Class participation means to participate in the common effort of discussion in order to complement the reading material and to accomplish the aims stated in the course objectives. Absolute unwillingness to participate will result in a lower final grade. "Talking a lot" is not necessarily participation. Reading assignments have to be completed before class meetings. It is not enough to read a text; one should also be able to talk about it.
Disruptive or inconsiderate behavior (including walking in and out of the classroom during class time) will affect the grade. Cell phones and beepers have to be switched off during class time.
The college defines excessive absence or lateness as more than the equivalent of one week of class meetings during the semester. In this course, students are allowed no more than three absences! Any additional absence will affect the grade. Excessive absence or lateness may lead to failure in the course or removal from the class roster. If a student is late, the time will be added up and will thereby also contribute to the amount of absences. It is the student's obligation to sign the sign-up sheet. If a student misses a class due to sickness or other justifiable reasons, evidence needs to be shown as soon as possible! In this case the absence will be excused. If a student drops the class after the official withdraw-date (10/21) without justifiable reason, he/she will receive an "F" for the course. No “W” will be given after the official withdraw-date.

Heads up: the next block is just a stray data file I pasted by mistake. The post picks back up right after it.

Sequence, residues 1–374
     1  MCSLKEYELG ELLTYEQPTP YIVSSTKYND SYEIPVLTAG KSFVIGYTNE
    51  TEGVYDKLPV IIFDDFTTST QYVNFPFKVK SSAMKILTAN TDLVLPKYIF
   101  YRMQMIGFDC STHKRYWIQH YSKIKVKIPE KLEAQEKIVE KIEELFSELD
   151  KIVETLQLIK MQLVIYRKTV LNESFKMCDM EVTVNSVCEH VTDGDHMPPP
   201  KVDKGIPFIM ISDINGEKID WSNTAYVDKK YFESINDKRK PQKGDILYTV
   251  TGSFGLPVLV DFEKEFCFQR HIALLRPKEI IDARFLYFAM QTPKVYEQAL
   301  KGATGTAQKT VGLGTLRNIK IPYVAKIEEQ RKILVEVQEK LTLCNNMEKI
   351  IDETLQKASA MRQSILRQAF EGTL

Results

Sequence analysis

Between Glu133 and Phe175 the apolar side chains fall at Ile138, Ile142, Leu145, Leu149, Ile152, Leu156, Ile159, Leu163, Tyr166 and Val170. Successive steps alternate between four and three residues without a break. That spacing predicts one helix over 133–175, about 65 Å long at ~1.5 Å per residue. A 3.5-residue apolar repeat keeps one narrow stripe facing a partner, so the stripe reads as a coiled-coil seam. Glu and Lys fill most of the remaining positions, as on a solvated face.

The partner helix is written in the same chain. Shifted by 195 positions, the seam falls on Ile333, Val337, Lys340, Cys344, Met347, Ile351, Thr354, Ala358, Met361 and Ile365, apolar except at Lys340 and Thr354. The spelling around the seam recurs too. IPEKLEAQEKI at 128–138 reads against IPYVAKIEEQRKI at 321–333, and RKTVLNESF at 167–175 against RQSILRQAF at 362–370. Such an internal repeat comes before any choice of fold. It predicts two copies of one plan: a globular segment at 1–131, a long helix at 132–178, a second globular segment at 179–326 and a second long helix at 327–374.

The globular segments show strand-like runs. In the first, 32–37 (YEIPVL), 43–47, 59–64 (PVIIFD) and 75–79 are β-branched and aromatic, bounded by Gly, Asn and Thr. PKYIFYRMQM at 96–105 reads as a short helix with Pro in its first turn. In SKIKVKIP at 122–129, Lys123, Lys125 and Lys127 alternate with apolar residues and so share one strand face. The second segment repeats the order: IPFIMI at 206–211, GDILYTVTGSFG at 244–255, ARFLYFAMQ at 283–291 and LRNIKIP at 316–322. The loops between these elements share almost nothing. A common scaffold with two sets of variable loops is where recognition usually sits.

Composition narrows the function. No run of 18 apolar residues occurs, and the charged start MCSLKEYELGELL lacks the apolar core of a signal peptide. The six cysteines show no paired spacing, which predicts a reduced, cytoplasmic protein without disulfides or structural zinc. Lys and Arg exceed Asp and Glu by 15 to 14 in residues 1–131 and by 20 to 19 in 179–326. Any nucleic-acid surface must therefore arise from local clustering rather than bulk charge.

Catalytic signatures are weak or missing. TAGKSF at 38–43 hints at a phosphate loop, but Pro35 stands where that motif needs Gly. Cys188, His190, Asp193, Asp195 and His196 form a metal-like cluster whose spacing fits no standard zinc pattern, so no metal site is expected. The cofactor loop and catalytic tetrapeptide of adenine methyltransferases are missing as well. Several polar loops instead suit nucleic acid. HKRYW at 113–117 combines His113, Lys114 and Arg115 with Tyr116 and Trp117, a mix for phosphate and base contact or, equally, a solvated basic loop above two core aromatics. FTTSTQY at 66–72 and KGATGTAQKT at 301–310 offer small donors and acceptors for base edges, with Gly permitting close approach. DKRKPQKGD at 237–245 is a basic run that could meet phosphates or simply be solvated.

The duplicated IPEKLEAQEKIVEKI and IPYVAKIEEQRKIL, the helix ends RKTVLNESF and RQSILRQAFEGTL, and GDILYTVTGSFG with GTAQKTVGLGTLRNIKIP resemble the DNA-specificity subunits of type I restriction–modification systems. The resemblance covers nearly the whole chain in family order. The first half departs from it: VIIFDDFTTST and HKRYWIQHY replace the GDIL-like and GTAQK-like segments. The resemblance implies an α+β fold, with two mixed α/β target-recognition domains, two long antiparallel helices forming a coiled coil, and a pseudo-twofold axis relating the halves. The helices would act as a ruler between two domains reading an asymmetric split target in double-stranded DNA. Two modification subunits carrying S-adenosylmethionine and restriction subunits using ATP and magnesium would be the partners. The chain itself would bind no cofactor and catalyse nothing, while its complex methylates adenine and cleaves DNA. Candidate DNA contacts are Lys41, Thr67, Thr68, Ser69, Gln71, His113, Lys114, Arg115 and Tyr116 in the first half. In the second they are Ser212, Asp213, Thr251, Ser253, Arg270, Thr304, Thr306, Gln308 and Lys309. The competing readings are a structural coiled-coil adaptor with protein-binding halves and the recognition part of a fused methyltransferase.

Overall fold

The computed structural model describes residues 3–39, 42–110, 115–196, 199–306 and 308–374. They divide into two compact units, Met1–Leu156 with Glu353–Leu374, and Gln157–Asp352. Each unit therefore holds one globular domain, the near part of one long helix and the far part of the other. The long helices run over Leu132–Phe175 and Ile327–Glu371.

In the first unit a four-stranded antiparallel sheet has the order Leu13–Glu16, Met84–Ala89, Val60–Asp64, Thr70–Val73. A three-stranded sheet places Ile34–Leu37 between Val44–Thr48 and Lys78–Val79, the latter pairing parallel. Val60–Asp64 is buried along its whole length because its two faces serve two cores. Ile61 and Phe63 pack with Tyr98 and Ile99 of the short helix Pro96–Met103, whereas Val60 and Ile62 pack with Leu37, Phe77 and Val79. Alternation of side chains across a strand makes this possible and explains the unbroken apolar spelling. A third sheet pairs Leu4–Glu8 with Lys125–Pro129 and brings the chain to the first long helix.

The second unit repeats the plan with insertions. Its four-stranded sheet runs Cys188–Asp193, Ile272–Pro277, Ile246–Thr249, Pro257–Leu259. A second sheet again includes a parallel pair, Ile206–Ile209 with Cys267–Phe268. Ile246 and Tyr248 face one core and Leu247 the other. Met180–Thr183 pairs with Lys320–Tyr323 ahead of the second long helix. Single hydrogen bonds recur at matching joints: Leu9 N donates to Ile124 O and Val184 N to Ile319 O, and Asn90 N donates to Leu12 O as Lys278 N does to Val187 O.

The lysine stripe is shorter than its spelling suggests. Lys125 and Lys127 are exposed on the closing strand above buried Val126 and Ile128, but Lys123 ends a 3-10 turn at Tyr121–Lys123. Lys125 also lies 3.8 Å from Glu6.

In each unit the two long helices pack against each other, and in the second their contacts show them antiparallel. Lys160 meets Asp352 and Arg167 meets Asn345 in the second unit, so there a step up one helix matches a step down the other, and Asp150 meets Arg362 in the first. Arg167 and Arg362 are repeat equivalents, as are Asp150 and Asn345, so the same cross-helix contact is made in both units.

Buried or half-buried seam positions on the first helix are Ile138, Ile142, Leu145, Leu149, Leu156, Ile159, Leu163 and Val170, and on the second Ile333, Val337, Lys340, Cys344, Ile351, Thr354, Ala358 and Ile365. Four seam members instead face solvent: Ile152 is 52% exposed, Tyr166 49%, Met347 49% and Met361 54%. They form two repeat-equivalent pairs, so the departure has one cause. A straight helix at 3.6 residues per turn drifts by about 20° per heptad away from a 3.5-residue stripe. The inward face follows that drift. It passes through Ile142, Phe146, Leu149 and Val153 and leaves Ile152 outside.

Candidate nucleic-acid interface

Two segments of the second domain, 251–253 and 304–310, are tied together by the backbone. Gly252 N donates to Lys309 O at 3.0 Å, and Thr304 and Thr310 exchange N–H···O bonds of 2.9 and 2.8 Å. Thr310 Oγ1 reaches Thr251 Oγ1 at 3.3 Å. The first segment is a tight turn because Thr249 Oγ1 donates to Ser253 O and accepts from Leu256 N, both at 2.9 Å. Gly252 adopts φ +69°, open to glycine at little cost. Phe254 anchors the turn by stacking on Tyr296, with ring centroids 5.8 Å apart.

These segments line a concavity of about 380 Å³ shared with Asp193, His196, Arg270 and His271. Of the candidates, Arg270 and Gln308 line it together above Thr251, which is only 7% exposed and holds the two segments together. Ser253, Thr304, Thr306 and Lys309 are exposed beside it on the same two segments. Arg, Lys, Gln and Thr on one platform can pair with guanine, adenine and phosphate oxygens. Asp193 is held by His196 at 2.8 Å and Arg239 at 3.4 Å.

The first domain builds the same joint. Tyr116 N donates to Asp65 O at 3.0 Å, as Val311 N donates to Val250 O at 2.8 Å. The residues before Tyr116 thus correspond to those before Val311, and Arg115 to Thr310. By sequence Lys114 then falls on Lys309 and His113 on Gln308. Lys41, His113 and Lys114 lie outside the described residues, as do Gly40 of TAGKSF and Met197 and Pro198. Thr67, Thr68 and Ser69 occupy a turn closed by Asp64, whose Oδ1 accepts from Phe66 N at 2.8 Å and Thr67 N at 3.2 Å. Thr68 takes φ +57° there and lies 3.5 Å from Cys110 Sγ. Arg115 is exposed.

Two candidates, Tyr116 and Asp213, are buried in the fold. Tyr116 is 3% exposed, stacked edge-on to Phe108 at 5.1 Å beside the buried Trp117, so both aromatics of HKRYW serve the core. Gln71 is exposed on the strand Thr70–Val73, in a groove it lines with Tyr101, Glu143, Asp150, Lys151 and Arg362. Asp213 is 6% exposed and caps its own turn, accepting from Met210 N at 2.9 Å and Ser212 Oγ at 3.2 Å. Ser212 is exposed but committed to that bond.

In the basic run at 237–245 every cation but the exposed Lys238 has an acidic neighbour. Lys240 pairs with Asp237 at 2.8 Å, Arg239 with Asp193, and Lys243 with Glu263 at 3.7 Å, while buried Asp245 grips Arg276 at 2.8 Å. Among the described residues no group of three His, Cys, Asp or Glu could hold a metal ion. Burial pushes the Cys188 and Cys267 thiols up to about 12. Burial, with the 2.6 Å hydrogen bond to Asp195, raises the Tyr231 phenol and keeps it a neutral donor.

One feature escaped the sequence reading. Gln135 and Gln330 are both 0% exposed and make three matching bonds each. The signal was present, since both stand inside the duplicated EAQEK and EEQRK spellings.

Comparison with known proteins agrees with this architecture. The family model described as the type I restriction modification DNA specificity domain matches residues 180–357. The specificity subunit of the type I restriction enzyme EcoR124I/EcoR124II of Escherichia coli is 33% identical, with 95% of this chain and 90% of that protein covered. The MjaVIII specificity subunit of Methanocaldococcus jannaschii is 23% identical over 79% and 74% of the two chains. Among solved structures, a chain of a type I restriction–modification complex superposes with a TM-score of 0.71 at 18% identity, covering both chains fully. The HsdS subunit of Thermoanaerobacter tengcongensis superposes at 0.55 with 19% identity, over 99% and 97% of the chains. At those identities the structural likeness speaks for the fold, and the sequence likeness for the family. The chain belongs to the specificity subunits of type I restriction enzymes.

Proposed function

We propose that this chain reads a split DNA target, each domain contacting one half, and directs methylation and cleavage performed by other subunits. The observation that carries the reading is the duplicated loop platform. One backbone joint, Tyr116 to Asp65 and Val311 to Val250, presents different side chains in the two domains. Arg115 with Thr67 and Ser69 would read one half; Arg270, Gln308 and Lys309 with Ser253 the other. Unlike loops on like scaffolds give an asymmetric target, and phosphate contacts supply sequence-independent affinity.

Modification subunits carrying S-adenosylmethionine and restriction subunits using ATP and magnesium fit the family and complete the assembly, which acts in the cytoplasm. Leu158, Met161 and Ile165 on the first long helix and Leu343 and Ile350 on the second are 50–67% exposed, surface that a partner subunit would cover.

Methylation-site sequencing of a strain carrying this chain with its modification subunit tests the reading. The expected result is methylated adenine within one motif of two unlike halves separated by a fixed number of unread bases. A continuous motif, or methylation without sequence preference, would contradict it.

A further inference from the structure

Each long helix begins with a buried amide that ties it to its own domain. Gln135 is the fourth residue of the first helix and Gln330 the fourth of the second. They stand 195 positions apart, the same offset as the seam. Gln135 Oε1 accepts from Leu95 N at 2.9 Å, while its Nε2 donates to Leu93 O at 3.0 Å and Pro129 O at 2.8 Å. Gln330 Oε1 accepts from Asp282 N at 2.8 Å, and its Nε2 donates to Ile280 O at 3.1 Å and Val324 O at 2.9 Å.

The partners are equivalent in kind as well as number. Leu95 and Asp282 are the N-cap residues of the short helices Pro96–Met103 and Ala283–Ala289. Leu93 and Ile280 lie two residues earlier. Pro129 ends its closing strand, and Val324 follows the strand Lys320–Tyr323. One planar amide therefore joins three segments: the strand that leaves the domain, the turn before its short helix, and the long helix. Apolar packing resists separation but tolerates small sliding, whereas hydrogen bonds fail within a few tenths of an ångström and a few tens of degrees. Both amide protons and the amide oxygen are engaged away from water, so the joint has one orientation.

“In writing, students must fully credit the source of any quoted, paraphrased, or summarized passages and any ideas which they have borrowed. Failure to conform to these academic standards is plagiarism and may result in a failing grade for the course and/or serious disciplinary sanctions as outlines in the Code of Conduct” (SCCC Catalog, p.69). Plagiarism of any kind will result in a “0” for the assignment in question and in repeated cases in an “F” for the course.
SCHEDULE Tu 9/1: Introduction: What is philosophy? The areas and issues of philosophy; philosophy vs. mythology, religion, and science; historical framework: Greek, medieval, and modern thought;